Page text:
It shouldn't come as a big surprise, but once again Walt Disney's (NYSE:DIS) parks and resorts segment is doing the heavy lifting. The media giant's fiscal first quarter wasn't exactly one for the ages. Revenue of $15.3 billion for the holiday-containing period was flat with last year's showing. Segment operating income slipped 8%, and adjusted earnings per share fell 3% to $1.85.
There are far worse things than flat and boring, and Wall Street was actually holding out for a crummier report. Analysts were targeting a 1% downtick in revenue with an 18% plunge on the bottom line. Disney's victory is relative -- and not absolute -- but it also couldn't have achieved this level of staleness without theme parks once again bailing out the rest of the company.
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Disney is now lumping its fledgling consumer products division with its effervescent parks and resorts segment, rebranded as parks, experiences, and consumer products. The new segment saw its revenue grow 5% -- eclipsed only by a 7% uptick for Disney's now relatively smaller media networks division -- but it's fair to say that Disney's domestic theme parks fared better than that.
The media giant revealed during Tuesday afternoon's earnings call that revenue per capita -- based on admissions and in-park food and merchandise spending -- rose 7% on flat attendance at its stateside theme parks. Things are going slightly better at its Florida and California resort hotels, as a 5% per-room spending increase is stacked on top of a 3% improvement in occupancy.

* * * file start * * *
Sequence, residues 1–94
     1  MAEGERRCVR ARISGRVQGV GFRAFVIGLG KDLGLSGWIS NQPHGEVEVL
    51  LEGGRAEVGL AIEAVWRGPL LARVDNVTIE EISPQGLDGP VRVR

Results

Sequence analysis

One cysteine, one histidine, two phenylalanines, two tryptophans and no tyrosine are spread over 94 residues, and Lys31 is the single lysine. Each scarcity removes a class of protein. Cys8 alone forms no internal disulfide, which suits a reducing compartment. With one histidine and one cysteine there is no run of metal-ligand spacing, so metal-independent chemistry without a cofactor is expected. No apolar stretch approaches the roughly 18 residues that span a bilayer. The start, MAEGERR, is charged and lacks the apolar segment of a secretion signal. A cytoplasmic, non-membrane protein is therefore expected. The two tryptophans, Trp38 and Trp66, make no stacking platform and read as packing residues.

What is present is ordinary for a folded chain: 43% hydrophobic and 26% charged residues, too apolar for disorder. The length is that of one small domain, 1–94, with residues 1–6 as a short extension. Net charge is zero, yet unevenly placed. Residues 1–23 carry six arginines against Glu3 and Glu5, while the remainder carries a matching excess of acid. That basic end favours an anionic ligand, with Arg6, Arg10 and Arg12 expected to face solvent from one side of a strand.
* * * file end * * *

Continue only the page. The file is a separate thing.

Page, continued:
Bucking the trend of Disney's 8% slide in segment operating income, its parks, experiences, and consumer products business led the way with a 10% year-over-year increase during the seasonally potent fiscal first quarter. If Disney is doing well now, one can only imagine how things will play out through the rest of fiscal 2019.
Disneyland increased its ticket and pass prices by at least 7% last month, and Disney World should follow as soon as this weekend. There's also Star Wars: Galaxy's Edge, the highly anticipated 14-acre expansion taking place on both coasts. CEO Bob Iger has said that Disneyland's version could open as early as June. Disney mentioned during the call that Disney World's debut should come no later than September, the end of Disney's fiscal year.
The volatility at Disney's other segments continues to be smoothed out by its resilient theme parks. This time out, Disney's tourist destinations weren't enough to lift overall revenue, operating profit, or earnings higher. But they helped ease the sting of its studio business being off sharply, given the rough comparisons with its more successful theatrical slate a year earlier. Once again, investors should be grateful for the steady beat of turnstile clicks and the higher prices that fans are still willing to pay.